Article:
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I can envision it now. A College Football Playoff National Championship for the ages sees the two best teams in the country head to overtime. Then, after neither team is able to separate itself from its counterpart in the first two overtimes, the two elite squads trade two-point conversion attempts. That's when the entire season -- all those workouts, hours of practice, online classes, games, time in the training room -- will be decided by a series of what are essentially coin flips.

Won't it be wonderful?

That's the scenario the NCAA has now presented as a possibility thanks to its changes to the overtime format.

If you haven't seen yet, the NCAA has drastically changed the OT format in college football. The first step is that teams will be forced to go for a two-point conversion following touchdowns in the second overtime rather than in the third. The big change comes afterward, however, when instead of getting the ball at the 25-yard line in the third overtime, the teams will simply alternate two-point conversion attempts. The first one to break serve wins.

There's a couple parts of this revamped format that bother me. 

First of all, I'd like to see the NCAA follow the lead of the NHL and MLB before them. The NHL long ago implemented a three-on-three OT format to be followed by a shootout, and MLB has recently decided to begin each extra inning with a runner on second base to hasten the end of games. However, when each sport reaches the postseason, these rules go out the window because playoff games shouldn't end in such trivial ways.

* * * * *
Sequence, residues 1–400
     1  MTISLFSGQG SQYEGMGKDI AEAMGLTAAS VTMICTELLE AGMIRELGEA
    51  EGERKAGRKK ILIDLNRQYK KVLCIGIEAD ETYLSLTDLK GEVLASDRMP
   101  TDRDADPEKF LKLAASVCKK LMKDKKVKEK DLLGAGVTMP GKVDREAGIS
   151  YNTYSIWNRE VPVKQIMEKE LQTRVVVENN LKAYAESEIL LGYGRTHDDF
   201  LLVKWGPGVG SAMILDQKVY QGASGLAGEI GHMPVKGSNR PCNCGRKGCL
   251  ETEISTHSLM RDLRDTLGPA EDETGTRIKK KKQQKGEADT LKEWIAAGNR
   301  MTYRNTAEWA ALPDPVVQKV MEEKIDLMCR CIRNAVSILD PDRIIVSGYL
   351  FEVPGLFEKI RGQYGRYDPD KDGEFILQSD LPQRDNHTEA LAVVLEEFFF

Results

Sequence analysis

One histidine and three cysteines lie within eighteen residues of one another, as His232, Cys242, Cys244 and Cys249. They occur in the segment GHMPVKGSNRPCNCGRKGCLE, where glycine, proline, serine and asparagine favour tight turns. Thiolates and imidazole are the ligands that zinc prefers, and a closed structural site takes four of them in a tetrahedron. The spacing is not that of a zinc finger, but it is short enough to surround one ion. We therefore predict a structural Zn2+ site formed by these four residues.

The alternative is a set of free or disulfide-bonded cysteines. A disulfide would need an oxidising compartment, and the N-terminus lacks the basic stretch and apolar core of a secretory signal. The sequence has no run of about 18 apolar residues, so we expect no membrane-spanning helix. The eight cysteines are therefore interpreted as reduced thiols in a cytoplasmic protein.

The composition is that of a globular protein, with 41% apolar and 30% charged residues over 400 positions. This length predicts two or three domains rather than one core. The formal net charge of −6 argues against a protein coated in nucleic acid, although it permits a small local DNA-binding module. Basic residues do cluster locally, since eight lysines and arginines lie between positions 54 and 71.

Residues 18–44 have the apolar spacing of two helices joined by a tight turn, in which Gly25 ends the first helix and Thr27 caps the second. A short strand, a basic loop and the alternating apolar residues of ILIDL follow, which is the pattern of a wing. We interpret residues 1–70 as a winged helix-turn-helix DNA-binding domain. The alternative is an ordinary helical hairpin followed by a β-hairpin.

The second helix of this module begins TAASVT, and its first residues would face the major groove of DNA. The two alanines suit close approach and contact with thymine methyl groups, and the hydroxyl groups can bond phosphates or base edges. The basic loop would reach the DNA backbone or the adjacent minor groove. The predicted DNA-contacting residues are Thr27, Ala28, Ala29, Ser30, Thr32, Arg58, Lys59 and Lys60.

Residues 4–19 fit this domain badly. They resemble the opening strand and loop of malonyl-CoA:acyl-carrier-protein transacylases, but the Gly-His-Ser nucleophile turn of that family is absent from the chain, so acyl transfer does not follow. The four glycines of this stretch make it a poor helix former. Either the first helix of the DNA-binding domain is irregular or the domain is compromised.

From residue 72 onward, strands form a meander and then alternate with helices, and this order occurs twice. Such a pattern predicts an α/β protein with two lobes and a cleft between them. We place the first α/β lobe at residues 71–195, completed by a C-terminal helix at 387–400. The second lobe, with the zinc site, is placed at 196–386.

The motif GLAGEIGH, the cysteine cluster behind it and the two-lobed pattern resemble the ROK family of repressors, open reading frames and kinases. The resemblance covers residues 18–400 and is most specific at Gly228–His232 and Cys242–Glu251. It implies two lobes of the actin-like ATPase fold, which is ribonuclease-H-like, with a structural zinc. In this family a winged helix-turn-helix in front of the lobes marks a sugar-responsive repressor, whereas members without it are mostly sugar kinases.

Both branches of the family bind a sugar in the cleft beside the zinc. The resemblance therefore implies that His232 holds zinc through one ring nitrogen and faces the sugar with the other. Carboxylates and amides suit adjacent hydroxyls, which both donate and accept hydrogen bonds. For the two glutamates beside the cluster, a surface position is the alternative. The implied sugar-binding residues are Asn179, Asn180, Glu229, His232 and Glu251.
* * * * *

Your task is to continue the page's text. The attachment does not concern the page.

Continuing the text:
I hope the NCAA considers a different overtime format for College Football Playoff games; bowl games, however, can keep it.

My biggest question about the new format is why wait until the second overtime to force teams to go for two? If we're comfortable having games end in two-point conversion shootouts, why can't we force teams to go for two in the first overtime? Doing that alone would significantly reduce the chances of ever having to get to the shootout portion of overtime to begin with while shortening the games overall. That's better for broadcast partners trying to squeeze games into tighter windows, and it's fewer plays for the players.

Odds are this format won't impact many games overall, and I probably won't mind seeing some Friday night game between Mountain West teams ending slightly sooner because of it. The rule might be stupid, but stupidity has been a part of college football just as long as marching bands and sneaking flasks into the student section have been. It's more of a feature than a bug.

Still, c'mon, NCAA, I know it'd be out of character, but how about displaying some common sense on this?